Monday, November 12, 2012

Do people with limited time want to keep up with new interests all in one place?

In an information rich, time deficient world there is some merit in being able to go to just one place to keep informed of the latest developments on topics of interest. The question for b-2-b marketers is to discover  where this might be for their customers and prospects.

It was during a conversation with the publisher of a special interest web site that the idea of busy people checking into one place regularly to keep abreast of the latest news, developments and chatter of interest and relevance to them, came up. This notion that there are people who actively monitor activity and developments as opposed to passively consuming received communications runs contrary to the traditional marketing approach. In the conventional marketing communication plan messages are sent to the target audiences - advertisements in trade journals, postal campaigns to individuals, emails to inboxes - all as outbound marketing campaigns. In-bound marketing shifts the initiative from marketer to customer or prospect, but still places a requirement on the marketer to make the information available in the format required by the consumer of information.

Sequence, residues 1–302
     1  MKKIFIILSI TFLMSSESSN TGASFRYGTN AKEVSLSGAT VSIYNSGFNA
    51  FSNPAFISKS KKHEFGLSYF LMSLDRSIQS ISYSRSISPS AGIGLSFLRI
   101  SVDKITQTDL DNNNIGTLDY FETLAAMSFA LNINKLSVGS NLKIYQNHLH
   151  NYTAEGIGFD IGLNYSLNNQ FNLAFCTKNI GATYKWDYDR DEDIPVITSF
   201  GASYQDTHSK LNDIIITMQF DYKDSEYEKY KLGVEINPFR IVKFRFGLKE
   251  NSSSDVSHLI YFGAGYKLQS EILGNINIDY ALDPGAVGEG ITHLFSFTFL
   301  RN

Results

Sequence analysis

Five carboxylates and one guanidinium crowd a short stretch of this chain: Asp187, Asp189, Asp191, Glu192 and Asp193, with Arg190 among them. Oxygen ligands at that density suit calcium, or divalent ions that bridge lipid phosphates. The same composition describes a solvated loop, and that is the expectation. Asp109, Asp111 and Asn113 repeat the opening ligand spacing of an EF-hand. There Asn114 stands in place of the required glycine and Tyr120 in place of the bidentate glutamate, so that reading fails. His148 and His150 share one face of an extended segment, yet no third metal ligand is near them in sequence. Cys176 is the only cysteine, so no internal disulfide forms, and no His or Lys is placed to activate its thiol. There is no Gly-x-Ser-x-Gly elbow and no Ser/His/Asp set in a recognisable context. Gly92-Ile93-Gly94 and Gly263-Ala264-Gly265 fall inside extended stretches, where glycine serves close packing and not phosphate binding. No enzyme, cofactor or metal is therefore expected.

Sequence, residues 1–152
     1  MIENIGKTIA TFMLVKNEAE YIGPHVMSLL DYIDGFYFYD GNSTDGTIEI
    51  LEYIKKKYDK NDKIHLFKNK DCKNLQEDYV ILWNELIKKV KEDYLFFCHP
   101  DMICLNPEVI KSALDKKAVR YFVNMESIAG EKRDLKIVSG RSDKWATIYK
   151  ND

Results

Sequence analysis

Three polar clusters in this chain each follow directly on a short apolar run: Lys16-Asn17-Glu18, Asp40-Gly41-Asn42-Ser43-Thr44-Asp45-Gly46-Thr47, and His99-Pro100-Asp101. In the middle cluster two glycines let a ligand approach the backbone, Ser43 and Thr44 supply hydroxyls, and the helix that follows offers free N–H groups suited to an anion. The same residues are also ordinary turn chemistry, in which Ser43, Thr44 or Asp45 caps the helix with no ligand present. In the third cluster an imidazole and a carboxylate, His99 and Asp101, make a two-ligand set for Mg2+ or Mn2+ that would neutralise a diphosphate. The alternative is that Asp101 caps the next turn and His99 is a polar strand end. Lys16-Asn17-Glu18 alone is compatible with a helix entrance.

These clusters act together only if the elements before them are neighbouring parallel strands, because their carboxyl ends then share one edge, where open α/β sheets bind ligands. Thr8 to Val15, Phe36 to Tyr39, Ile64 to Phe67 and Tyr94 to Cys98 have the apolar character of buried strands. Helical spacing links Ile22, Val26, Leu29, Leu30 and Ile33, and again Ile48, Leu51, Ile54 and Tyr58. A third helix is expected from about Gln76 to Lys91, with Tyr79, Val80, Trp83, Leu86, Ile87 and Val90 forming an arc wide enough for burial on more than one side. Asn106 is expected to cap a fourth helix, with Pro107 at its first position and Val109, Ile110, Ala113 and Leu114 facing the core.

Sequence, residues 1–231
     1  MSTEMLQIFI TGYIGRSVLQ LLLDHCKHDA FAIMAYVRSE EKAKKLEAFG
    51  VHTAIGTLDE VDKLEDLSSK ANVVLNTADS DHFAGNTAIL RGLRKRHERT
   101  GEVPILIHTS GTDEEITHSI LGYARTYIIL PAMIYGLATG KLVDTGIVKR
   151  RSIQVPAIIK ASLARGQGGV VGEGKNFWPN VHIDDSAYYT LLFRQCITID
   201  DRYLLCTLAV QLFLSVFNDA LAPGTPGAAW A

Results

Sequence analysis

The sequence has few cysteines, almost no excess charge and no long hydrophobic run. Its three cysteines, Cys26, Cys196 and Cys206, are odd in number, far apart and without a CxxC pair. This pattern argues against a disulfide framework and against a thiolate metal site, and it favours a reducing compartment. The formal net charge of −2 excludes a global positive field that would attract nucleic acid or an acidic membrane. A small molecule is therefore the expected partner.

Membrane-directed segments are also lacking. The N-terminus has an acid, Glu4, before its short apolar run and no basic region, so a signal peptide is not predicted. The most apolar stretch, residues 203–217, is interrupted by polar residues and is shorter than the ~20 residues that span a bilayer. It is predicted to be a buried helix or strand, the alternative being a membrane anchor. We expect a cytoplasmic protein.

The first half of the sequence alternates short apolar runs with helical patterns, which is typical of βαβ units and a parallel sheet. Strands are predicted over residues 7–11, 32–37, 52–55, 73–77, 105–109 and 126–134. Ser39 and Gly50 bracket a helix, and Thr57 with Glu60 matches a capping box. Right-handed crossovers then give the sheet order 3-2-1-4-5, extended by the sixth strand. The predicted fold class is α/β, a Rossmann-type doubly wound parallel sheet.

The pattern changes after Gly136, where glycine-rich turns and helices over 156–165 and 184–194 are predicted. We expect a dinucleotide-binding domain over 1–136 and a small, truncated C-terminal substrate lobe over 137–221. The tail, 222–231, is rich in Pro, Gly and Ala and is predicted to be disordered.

Ten years ago or more, RSS seemed to offer just such a solution. In the early days of RSS feeds the user downloaded reader software then selected which RSS feeds they wanted to monitor. For example  feeds from major news organisations such as the BBC or CNN could be combined with feeds from information relevant to work such as new products, new technologies, exhibitions and conferences and finally perhaps news from a favourite sports team or hobby. Quite quickly, say each morning, the headlines from all the news feeds of interest could quickly be scanned and those of more interest than others clicked on to read the story in more depth. But RSS got built into browsers so readers became redundant and the notion of a personalised headline service never really caught on. Twitter has kind of captured this solution and certainly has widespread acceptance. As with RSS feeds you can select who you choose to follow, but beware of the sheer volume and triviality of some of the messages. Some advocates of Facebook anxious to update on the current status of friends used this as the one place they were anxious to review on a frequent basis and used this as a peer to peer communications platform as well, but extending this to following the antics of your favourite company may be a stretch for the typical b-2-b company.

So if RSS is fading and social media not really cutting it as the single destination for such a diverse range of "need-to-know" information embracing both personal interests and work knowledge, perhaps the old concept of industry portal or community interest site might be a good place to ensure your information is there and regularly updated.  The thing is few companies seem to be asking their customers the question where do they visit on a frequent basis to keep informed of important developments relative to their field of work.


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